Cheque use has been in rapid decline
The cheque guarantee card system will end on 30 June 2011 although it will still be possible to write a cheque, an industry body reveals.
The guarantee is noted on a card using a hologram picture of Shakespeare. Its demise had been announced but this is the first time a date has been set.
Only 7% of the 1.4 billion cheques written last year were guaranteed under the system which began in 1969.
The use of cheques is generally regarded as being in terminal decline.
However, no date has been set for cheques to be completely phased out, with many people still sending them in the post or using them for payments such as after-school clubs.
A report on the future of cheques is expected by the end of the year. The Payments Council, which oversees payments issues, said it would not phase out cheques until it was confident that alternatives for the vast majority of current cheques uses had been identified and were accessible and acceptable to users.
The 24 banks and building societies in the UK domestic cheque guarantee card system decided on the date as part of a coordinated rundown of the system.
Even after June 2011, businesses will still be able to accept cheques. However, many - including all the major UK supermarket chains - have chosen to stop taking them as shoppers turn to debit cards or stick with cash.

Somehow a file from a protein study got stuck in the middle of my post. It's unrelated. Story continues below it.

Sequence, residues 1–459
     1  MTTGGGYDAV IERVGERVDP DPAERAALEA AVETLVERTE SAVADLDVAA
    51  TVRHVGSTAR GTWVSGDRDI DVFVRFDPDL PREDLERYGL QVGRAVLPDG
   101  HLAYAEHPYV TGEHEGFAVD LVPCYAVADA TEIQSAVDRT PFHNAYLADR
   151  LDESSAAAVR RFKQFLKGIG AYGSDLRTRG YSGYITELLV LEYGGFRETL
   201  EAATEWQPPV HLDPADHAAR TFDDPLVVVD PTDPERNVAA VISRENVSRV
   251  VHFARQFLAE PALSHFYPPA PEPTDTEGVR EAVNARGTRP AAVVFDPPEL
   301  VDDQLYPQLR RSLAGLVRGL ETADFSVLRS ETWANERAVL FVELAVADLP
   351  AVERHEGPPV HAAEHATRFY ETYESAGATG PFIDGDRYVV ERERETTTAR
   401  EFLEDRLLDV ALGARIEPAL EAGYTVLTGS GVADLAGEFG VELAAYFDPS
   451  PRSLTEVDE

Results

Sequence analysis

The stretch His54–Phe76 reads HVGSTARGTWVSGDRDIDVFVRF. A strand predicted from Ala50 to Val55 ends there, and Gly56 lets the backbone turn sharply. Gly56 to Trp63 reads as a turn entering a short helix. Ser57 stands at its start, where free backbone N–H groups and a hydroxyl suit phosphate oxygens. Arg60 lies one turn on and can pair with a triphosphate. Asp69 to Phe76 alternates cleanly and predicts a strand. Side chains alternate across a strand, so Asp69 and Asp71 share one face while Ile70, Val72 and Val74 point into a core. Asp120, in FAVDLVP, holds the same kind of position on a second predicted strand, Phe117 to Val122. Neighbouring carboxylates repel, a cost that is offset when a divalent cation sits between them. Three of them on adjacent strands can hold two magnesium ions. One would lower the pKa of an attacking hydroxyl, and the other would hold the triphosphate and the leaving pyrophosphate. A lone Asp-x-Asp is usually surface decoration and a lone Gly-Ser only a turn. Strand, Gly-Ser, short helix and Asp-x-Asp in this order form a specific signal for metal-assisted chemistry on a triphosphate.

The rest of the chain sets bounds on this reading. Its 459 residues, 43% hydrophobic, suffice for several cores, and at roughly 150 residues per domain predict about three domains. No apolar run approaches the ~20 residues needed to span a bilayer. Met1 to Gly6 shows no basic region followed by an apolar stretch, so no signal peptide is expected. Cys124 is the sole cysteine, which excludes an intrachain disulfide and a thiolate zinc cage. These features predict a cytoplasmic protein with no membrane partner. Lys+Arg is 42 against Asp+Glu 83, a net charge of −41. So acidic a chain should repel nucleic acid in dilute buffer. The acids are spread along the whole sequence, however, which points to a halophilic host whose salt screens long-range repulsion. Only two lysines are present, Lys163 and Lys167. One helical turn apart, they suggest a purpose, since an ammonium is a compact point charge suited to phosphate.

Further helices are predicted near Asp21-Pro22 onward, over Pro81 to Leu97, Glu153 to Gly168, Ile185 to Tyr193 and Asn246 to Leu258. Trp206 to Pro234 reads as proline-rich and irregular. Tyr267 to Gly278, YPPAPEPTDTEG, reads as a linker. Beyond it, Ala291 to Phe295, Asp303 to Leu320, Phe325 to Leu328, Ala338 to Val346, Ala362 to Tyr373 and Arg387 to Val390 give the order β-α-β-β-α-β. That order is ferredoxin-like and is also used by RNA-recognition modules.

"Now an industry-wide date has been set we can look to support customers through the change by providing information on what this will mean," said Jacqui Tribe, manager of the guarantee scheme.
"The alternative was to let the scheme wither on the vine which was more likely to have led to confusion and mixed messages."
The original guarantee limit 40 years ago was £30. Nowadays, 88% of all cheques in the UK have a £50 or £100 guarantee limit.
In July, HSBC said that its 300,000 customers who had a £250 guarantee limit on their cards would have this limit reduced to the standard £100 for most other customers.
HSBC said it wanted to cut losses from cheque fraud and to discourage people from spending money they did not have.